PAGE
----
Meeting date: Wednesday, October 3, 2018
Meeting of the Parliament 03 October 2018
Agenda: Portfolio Question Time, Remand, Business Motion, Parliamentary Bureau Motions, Decision Time, Age Scotland (75th Anniversary)
- Portfolio Question Time
- Business Motion
- Parliamentary Bureau Motions
- Decision Time
- Age Scotland (75th Anniversary)
Portfolio Question Time
Education and Skills
Childcare Provision (Expansion to 1,140 hours)
To ask the Scottish Government how the planned increase of childcare provision to 1,140 hours is progressing. (S5O-02419)
We remain on track to deliver the 1,140 hours expansion. The programme is ambitious and challenging, but we are working hard with local authorities and delivery partners to create the required workforce and physical capacity. In April, we reached a landmark agreement with the Convention of Scottish Local Authorities on a multiyear package to fully fund the expansion, and we recently established a joint delivery board, which I co-chair with Councillor McCabe, to oversee progress and respond to any emerging issues.
Early learning and childcare providers have raised concerns that the planned roll-out is bypassing them. Nurseries that are supposed to be partner providers alongside local authorities are struggling to stay afloat, because the Scottish Government’s roll-out is weighted heavily in favour of local authority nurseries and providers. Will the closure of private nurseries as a result of the growing flaws in that roll-out really help parents and children?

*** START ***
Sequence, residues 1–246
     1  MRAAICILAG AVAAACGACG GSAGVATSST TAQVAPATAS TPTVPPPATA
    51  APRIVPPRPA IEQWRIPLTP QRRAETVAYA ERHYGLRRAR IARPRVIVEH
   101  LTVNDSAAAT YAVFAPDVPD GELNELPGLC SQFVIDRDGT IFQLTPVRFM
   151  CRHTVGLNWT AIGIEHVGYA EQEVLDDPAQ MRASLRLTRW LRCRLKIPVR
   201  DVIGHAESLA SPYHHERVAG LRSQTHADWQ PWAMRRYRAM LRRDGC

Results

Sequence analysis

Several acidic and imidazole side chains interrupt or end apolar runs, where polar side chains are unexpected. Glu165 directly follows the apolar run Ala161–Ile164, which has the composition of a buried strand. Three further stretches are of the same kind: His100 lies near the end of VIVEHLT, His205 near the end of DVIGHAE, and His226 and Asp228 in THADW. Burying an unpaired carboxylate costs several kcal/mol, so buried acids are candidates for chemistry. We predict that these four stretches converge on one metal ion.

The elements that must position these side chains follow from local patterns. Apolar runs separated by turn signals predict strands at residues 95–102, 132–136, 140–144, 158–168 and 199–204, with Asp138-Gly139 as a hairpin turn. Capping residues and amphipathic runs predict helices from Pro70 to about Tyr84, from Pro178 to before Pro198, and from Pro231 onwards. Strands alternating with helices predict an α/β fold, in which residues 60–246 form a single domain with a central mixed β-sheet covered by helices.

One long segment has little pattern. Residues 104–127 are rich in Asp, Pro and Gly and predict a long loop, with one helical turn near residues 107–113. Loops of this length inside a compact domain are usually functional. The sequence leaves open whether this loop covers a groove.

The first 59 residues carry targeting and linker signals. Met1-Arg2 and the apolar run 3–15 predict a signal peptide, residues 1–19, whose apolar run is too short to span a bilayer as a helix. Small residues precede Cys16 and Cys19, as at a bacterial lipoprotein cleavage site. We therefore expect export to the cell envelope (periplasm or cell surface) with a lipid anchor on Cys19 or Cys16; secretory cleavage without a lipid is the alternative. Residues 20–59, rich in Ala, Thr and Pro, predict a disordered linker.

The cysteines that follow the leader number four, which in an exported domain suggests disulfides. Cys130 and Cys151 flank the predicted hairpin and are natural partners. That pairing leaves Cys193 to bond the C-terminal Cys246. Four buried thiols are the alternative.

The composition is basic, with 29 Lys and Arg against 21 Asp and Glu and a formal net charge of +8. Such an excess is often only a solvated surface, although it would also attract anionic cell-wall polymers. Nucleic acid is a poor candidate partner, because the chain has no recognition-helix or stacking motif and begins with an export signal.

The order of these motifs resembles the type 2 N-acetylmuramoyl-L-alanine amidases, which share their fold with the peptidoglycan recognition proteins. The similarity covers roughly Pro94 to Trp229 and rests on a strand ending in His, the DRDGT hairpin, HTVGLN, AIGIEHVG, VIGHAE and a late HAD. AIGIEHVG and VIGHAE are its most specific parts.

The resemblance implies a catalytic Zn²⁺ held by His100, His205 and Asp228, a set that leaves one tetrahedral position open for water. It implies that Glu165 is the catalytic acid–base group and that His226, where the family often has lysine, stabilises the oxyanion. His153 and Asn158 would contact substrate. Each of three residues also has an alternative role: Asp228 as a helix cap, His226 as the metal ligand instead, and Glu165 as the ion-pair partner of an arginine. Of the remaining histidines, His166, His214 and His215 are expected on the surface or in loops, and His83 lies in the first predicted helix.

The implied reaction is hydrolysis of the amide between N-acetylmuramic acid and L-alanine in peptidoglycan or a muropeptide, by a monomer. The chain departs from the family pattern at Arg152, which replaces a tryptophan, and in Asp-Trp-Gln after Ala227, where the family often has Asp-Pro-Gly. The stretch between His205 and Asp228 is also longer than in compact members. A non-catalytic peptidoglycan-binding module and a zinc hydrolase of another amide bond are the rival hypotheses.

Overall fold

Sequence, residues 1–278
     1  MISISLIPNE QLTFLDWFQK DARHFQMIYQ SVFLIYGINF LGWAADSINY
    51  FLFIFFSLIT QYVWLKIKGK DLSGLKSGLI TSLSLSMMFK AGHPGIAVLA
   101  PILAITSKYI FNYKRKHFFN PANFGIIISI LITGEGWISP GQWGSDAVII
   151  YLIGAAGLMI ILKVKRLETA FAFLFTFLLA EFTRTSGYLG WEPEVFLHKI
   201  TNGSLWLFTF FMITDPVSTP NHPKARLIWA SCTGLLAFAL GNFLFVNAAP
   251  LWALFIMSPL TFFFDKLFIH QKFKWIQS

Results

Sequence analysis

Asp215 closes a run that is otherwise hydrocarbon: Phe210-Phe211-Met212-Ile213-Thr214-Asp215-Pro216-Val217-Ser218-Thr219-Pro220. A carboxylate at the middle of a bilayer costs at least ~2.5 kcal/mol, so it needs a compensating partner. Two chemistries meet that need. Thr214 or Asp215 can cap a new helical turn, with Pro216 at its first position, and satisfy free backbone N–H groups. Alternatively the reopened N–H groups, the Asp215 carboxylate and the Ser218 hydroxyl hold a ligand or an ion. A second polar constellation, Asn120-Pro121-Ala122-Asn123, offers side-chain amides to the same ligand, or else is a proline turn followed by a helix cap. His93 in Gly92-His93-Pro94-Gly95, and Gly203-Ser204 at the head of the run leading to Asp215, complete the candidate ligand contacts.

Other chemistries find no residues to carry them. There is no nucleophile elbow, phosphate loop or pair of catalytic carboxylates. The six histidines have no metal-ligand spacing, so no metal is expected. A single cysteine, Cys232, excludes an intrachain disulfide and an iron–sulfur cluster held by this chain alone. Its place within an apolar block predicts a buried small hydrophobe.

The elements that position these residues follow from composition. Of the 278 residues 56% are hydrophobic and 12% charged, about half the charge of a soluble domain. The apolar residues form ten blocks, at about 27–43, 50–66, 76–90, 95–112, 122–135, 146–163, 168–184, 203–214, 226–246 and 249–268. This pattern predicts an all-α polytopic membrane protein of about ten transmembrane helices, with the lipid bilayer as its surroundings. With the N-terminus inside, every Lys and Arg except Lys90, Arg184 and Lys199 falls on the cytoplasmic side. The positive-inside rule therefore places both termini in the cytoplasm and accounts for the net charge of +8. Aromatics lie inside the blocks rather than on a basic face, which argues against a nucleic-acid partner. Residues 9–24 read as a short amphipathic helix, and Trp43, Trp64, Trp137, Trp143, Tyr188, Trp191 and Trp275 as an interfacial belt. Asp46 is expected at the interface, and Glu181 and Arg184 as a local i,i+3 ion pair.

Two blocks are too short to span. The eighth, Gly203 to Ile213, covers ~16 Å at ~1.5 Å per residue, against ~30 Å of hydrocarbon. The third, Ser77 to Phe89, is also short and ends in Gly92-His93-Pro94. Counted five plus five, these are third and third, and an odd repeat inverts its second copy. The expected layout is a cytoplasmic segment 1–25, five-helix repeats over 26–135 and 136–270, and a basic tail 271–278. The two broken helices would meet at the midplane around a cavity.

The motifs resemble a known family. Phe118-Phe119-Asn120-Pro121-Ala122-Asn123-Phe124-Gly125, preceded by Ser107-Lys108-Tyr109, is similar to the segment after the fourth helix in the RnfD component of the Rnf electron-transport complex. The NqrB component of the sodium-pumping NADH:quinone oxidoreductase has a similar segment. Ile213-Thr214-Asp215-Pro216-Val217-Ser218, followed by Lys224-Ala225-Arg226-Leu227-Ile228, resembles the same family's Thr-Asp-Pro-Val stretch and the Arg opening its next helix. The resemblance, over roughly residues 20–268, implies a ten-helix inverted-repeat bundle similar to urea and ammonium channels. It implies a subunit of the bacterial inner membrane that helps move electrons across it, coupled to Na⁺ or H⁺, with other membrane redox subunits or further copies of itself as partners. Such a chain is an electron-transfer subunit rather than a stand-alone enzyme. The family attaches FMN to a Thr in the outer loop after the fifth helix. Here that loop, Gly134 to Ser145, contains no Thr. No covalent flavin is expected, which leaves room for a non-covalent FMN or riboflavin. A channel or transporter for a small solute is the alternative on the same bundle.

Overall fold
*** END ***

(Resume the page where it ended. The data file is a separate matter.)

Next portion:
First, let me make it absolutely clear that partner providers are crucial to the delivery of the policy in delivering excellence and flexibility.
Our new provider-neutral funding-follows-the-child model, which we are working towards introducing in 2020, will give private and third sector providers, including childminders, more opportunities to participate in the expansion. That will be underpinned by a national standard that ensures quality. We are simplifying the process and making the bureaucracy much more proportionate than it currently is. We are also about to embark on a programme of communication to parents so that they are absolutely sure that they are able to choose any provider to deliver that early learning and childcare.
Can the minister confirm that nurseries in Scotland are exempt from paying business rates under a scheme that the Scottish National Party Government introduced, but those in England are not under the Tories, and that that approach greatly supports the private nursery sector?